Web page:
“Until you can define a disease it’s very hard to look for a cure. Now we have a better basis to help work toward a therapy,” said Nelson.

With these findings now established Nelson is looking forward to working on the first clinical trial of LATE with his colleague at UK, Dr. Greg Jicha. “This is a very exciting opportunity to test a medicine that could stop the disease in its tracks, and to treat our research volunteers here at UK,” said Nelson.

Source: University of Kentucky

Yoga Linked with Improved Symptoms in Heart Patients

Sophia Antipolis wrote . . . . . . . . .

Yoga postures and breathing could help patients with atrial fibrillation manage their symptoms, according to research presented today at ESC Congress 2020.

Atrial fibrillation is the most common heart rhythm disorder. One in four middle-aged adults in Europe and the US will develop the condition, which causes 20–30% of all strokes and increases the risk of death by 1.5-fold in men and 2-fold in women. Reduced quality of life is common, and 10–40% of patients are hospitalised each year.

Symptoms of atrial fibrillation include palpitations, racing or irregular pulse, shortness of breath, tiredness, chest pain and dizziness.

“The symptoms of atrial fibrillation can be distressing. They come and go, causing many patients to feel anxious and limiting their ability to live a normal life,” said study author Dr. Naresh Sen of HG SMS Hospital, Jaipur, India.

This study investigated whether yoga could ease symptoms in patients with atrial fibrillation. The study enrolled 538 patients in 2012 to 2017. Patients served as their own controls. For 12 weeks they did no yoga, then for 16 weeks patients attended 30-minute yoga sessions every other day which included postures and breathing. During the yoga period, patients were also encouraged to practice the movements and breathing at home on a daily basis.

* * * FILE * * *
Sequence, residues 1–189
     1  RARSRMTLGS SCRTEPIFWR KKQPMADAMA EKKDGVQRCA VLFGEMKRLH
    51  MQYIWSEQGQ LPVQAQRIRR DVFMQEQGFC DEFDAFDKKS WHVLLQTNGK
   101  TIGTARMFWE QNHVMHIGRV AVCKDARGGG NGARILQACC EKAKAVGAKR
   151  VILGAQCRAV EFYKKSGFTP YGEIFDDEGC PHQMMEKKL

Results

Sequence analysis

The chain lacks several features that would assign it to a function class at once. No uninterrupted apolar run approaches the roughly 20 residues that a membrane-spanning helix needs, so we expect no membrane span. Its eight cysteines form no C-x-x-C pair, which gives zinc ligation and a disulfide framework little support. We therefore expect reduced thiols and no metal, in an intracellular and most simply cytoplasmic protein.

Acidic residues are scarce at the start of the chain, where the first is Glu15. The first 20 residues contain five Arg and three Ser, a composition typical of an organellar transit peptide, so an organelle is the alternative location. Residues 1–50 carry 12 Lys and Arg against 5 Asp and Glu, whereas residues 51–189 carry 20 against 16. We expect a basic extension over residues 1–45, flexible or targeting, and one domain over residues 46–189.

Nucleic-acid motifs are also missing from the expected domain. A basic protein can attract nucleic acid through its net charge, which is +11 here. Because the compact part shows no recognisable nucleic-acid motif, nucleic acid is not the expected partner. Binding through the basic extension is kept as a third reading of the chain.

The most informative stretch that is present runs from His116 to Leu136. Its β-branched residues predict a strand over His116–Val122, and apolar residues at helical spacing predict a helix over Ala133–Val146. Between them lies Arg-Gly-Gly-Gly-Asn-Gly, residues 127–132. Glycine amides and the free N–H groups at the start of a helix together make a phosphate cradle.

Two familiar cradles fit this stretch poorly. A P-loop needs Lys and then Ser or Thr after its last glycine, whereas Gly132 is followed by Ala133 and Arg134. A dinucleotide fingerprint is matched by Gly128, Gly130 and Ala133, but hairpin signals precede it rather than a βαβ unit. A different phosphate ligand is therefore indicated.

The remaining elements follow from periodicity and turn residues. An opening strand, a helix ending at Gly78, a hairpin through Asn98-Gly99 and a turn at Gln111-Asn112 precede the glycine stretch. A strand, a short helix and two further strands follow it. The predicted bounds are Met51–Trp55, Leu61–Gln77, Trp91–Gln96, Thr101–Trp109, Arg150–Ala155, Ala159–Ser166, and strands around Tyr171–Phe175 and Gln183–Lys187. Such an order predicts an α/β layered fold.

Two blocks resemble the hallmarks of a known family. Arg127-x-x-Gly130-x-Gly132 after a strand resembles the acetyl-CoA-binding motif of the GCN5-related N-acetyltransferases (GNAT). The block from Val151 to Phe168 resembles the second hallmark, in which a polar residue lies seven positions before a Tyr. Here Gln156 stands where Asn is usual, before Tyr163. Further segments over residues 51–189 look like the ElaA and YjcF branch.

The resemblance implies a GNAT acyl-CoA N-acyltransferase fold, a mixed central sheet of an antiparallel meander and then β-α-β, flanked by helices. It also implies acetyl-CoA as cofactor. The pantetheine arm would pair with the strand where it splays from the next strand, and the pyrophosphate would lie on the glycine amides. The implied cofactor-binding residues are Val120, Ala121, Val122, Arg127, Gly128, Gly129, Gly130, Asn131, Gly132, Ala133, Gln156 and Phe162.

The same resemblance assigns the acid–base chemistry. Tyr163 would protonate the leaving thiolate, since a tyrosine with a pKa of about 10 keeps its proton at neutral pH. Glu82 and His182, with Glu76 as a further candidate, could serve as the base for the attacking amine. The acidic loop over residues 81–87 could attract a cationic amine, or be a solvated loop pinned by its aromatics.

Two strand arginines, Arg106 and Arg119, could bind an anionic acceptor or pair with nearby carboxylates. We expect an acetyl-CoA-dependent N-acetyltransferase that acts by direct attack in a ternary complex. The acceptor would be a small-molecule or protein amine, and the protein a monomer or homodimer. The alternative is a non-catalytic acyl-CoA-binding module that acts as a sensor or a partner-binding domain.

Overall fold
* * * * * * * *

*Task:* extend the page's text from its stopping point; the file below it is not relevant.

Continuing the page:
During both study periods, symptoms and episodes of atrial fibrillation were recorded in a diary. Some patients also wore a heart monitor to verify atrial fibrillation episodes. Patients completed an anxiety and depression survey3 and a questionnaire4 assessing their ability to do daily activities and socialise, energy levels and mood. Heart rate and blood pressure were also measured. The researchers then compared outcomes between the yoga and non-yoga periods.

During the 16-week yoga period, patients experienced significant improvements in all areas compared to the 12-week non-yoga period. For example, during the non-yoga period, patients experienced an average of 15 symptomatic episodes of atrial fibrillation compared to eight episodes during the yoga period. Average blood pressure was 11/6 mmHg lower after yoga training.

Dr. Sen said: “Our study suggests that yoga has wide-ranging physical and mental health benefits for patients with atrial fibrillation and could be added on top of usual therapies.”

Source: European Society of Cardiology